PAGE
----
Furthermore, we cannot really blame Smith for his recent decision to accept a $140,000-a-year (not including benefits) bureaucratic position with the University of South Carolina – a job he took mere weeks after giving up his seat in the S.C. General Assembly.
People are going to take what is handed to them … we get it.
Instead, our beef is with the school – and particularly with its outgoing president, Harris Pastides. While university officials rationalized Smith’s hiring by touting his “network of contacts,” it is hard to view this as anything other than a government bureaucracy rewarding one of its staunchest supporters (Smith consistently supported USC during his two decades in the S.C. House of Representatives).
“It comes as no surprise that the politically tone deaf Pastides would appoint a fellow liberal to a highly paid, newly created position,” one critic of the appointment told us.
Why “no surprise?”
Because in addition to S.C. senator Vincent Sheheen’s high-profile bid to succeed Pastides as president of the school, USC has apparently become something of a “safe space” for all sorts of liberal political appointments.
“Cronyism is what holds our state back and USC, sadly, has become ground zero for this type of activity,” our source said.
We agree …
Not only that, the handful of lawmakers audacious enough to seek information from the school regarding the breadth of its alleged “epidemic of favoritism” have run into brick walls – and hostile bureaucrats.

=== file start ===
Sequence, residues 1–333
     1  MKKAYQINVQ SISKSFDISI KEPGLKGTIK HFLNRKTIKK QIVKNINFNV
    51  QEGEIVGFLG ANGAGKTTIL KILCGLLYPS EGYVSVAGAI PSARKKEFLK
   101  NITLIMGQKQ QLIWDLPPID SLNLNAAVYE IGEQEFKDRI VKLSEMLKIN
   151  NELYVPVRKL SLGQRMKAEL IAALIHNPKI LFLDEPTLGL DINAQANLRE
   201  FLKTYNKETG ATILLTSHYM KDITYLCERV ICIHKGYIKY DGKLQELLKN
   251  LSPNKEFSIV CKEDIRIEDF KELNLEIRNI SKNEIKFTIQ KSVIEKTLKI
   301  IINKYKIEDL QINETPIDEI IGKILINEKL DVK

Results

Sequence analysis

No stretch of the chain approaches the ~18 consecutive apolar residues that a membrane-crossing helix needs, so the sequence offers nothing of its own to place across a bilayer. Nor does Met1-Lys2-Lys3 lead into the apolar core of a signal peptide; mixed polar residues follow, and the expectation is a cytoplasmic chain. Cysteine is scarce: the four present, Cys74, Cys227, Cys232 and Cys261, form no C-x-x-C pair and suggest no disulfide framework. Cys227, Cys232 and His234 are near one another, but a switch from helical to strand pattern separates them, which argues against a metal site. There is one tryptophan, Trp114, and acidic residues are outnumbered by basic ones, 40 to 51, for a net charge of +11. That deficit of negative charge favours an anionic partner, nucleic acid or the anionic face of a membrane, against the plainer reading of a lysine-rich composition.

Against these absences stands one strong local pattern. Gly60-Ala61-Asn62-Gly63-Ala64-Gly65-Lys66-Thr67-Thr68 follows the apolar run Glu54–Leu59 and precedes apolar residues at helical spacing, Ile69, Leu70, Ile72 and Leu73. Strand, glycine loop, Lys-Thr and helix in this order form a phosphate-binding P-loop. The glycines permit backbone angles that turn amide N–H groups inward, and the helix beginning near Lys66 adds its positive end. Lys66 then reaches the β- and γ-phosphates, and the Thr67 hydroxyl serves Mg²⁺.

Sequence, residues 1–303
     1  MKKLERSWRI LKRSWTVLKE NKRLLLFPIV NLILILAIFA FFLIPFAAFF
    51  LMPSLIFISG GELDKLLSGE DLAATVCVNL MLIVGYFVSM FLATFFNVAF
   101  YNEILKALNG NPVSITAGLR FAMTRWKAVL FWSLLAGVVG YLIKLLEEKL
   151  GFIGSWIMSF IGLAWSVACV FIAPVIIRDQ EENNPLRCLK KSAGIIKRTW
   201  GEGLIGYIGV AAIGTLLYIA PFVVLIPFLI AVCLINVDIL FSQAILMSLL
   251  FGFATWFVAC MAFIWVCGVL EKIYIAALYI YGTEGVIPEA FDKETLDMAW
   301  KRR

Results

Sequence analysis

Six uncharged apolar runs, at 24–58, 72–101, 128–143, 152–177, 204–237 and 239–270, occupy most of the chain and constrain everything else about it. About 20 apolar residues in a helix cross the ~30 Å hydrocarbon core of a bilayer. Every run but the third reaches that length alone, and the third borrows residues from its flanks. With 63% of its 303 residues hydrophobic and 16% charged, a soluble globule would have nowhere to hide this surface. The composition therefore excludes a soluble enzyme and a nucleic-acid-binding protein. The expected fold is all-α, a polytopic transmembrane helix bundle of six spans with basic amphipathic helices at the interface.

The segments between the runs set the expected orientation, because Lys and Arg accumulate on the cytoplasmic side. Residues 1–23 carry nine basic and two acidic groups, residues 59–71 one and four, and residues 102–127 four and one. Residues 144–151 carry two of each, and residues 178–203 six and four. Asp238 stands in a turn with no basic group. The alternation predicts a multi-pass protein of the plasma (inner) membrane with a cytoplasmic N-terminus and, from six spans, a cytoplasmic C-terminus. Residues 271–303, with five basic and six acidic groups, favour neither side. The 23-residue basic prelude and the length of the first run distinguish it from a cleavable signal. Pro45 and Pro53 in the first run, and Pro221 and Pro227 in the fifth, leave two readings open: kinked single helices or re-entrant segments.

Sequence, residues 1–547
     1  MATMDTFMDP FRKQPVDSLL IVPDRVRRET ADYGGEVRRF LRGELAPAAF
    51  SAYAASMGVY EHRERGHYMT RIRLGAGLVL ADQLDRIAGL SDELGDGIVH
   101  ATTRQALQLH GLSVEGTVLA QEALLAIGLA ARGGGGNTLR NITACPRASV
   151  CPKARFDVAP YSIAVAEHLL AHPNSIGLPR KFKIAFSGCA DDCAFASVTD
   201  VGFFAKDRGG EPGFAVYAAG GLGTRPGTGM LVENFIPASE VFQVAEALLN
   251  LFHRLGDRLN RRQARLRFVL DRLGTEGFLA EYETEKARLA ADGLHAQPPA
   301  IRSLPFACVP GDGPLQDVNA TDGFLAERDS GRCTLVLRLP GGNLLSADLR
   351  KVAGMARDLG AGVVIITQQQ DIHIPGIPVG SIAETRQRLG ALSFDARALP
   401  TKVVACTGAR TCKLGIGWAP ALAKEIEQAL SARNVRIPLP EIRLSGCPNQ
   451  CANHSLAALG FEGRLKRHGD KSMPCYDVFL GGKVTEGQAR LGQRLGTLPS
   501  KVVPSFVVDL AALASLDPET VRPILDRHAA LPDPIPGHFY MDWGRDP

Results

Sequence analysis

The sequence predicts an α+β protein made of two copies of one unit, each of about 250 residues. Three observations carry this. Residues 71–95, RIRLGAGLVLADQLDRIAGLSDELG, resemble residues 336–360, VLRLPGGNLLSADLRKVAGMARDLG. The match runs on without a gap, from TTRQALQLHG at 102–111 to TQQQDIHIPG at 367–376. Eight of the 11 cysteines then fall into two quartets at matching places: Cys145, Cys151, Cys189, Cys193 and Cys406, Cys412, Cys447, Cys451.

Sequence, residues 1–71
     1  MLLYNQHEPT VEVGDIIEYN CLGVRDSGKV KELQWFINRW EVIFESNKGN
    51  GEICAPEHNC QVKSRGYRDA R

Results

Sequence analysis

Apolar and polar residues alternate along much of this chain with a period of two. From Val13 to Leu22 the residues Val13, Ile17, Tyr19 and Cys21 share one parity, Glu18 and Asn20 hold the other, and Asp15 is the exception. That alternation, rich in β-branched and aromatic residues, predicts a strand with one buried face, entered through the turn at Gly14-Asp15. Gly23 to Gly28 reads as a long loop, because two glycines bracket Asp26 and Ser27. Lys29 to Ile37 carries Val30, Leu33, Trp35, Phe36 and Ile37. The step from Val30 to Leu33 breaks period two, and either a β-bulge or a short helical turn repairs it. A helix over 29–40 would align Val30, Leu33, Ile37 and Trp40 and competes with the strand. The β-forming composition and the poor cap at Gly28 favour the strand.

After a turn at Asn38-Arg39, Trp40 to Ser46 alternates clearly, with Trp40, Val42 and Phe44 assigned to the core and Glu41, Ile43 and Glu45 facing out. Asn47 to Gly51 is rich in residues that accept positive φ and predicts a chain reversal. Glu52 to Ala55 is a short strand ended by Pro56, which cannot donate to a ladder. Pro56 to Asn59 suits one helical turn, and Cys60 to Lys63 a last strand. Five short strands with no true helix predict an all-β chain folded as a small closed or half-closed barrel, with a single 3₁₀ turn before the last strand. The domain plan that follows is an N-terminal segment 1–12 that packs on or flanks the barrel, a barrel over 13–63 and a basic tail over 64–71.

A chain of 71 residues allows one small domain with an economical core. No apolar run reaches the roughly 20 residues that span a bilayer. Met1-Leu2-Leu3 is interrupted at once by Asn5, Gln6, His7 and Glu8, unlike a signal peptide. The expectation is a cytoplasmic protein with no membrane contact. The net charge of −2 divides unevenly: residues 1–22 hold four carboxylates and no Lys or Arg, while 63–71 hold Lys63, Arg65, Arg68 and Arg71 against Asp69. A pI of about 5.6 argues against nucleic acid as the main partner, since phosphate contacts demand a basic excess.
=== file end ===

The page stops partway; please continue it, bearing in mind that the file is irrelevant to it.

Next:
As the hiring of Smith makes clear, though, USC doesn’t care.[su_dominion_video_scb]
It isn’t just USC with the perception problem, though. Smith’s hire is also creating issues for certain Democratic lawmakers – including state senators Dick Harpootlian of Columbia, S.C. and Thomas McElveen of Sumter, S.C.
Harpootlian and McElveen – to their credit – were instrumental in blocking the nomination of a recently retired state lawmaker who sought a high-paying gig with the S.C. Conservation Bank. They argued (effectively, we might add) that the ex-legislator in question – former state representative Mike Pitts – was “feathering his nest” in seeking the post.
And Pitts, to his credit, withdrew his nomination.
Here is our question: Where is the outrage from these senators (and other lawmakers) over Smith’s $140,000-a-year position at USC?
We wonder: Was it acceptable for them to torpedo Pitts’ nomination because he was a Confederate flag-loving good ol’ boy? But Smith gets a hall pass because his left-leaning views don’t “trigger” any hurt feelings amongst the state’s increasingly liberal higher educracy?
Talk about a double standard …
At least the S.C. Conservation Bank board collected resumes, had a search committee, narrowed the field to three candidates and then made a choice.
Was similar due diligence done in Smith’s case?
Of course not …
Again, we have no issue with Smith accepting this position. He is taking what is being offered to him. Our issue is the favor factory’s revolving door of former state lawmakers receiving lucrative government-funded jobs upon leaving office – jobs at the very agencies whose budgets they padded. It is even more disgraceful that Smith is getting his payday from a system that has presided over astronomical increases in higher education tuition (and higher education debt).
Where is the outrage? Don’t hold your breath … but try to remember inside jobs like this the next time your lawmakers tell you they could only afford to give you fifty dollars in tax relief this year.
WANNA SOUND OFF?
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